I have had a wonderful, incredible career as an editorial illustrator. I LOVE telling stories and reading. It is such a rich and varied source of work. The recession has had a big effect on editorial work, however, for many of us.
Who are some of your favorite artists and designers
(past and present)?
Saul Steinberg, Paul Klee, Sarajo Frieden Rebecca Doughty Barbara Hepworth, the St Ives artists, Franz Kline, Ward Schumaker, Rothko Patrick Heron......too many to say.
Please tell us a little bit about working with Lilla Rogers Studio. How did you get started with her agency?
Lilla as is is an incredible teacher, sharer, mentor, and friend. I was one of the very first of her agency's 8 artists. I got a piece into American Illustration, so Lilla took me on.
What advice would you give to someone who wants to become a surface pattern designer?
Do other things as well. Feed all your senses, work in varied media, draw, paint, collage, get messy, be tight, dance on paper, look at things you love. The computer is a tool, but use your hands too. Be practical. Be realistic—but dream too.
Be curious. Ask people of all ages about their lives and interests. Keep it real.
We love the products you've been making with your husband on pilgrimwaters.co! What inspired you to get into producing functional objects?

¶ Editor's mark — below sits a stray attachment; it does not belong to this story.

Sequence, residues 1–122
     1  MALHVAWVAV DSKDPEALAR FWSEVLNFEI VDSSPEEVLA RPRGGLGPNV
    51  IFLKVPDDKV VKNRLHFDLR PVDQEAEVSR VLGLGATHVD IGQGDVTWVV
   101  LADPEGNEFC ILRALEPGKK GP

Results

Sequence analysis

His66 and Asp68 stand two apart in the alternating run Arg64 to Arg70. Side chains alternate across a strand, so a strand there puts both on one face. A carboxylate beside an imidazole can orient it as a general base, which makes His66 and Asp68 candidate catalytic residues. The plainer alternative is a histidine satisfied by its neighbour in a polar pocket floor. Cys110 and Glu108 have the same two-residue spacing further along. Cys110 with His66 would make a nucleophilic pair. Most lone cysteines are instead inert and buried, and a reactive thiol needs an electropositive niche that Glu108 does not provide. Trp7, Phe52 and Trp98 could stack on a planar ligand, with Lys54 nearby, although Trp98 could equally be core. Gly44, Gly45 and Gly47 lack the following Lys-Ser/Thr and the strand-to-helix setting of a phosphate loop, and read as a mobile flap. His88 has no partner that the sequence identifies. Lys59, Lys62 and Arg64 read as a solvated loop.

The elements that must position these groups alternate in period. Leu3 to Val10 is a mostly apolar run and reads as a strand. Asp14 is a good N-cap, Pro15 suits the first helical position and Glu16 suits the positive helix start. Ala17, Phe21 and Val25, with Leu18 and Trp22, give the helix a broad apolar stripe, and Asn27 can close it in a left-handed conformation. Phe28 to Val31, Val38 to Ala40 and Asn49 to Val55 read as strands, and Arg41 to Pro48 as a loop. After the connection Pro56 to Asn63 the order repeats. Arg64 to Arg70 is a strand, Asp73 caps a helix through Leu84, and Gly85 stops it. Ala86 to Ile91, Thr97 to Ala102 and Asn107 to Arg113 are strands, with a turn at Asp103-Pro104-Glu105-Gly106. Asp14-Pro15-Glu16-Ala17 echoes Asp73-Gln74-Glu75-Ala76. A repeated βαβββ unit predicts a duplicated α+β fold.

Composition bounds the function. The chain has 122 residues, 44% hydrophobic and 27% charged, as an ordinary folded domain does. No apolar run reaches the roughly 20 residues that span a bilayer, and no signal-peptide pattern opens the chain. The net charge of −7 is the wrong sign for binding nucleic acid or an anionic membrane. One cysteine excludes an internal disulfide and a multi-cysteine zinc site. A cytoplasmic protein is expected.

I live and breathe functional practical objects. Keith and I made lamps together. We could not find or afford lamps we liked when we moved to Boston. I get to paint a print on wood. He loves to build things. Creating our trays, growing our scarf lines, and making other products is something we own and can build.
Also, my passion for the unique, the ONE OFF, the different, lead me to print on clothes, create printed blankets, leather bags, wallets, and trays, and go back to making scarves. It has been a long journey, always complicated. Each scarf/blanket is hand woven, hand dyed, and then hand printed. Each tray was hand milled, hand printed, hand varnished etc—those are functional pieces of art, on both sides. However they are used—as a table, and pop up cocktail bar, for breakfast in bed, supper on an ottoman or stool!! Unfortunately, we cannot charge what those are worth, but we have a few left and they are what they are: FABULOUS. It's a cliche. Our scarves are wearable art. I am obsessed with more products. The enormous outlay is the hard part, ideas and designing are easy!!
Please give us a description of your studio. What do you love about it the most?
My "studio" is a movable feast. We are in transition, as we have moved to a very cool but small live/work space. You can see photos of my old space which was featured on design*sponge here (and an image at left). My computer is part of the live/work living room. I can also paint on the deck. I adapt to different spaces.
Do you have a favorite book in your design library? Why is it so special?
The Passport by Saul Steinberg. My granny gave it to me when I was 6 after a 2 days visit. It is the book i still go to, to get me going. I hear Granny, see her apple cheeks and smell this book from the 1950s (which is falling apart). I remember to be free when I see
If you could go anywhere for an artist’s retreat, where would you go?
The Fabric Workshop and Museum in Philadelphia. Also to Amsterdam, Barcelona, Cape Town, Dublin.
Please describe what your dream surface pattern design project would be.
I have recently designed a line of glassware and porcelain pieces, so seeing PW porcelain/glass come in to production.
AND customizing fabrics for a designer I love.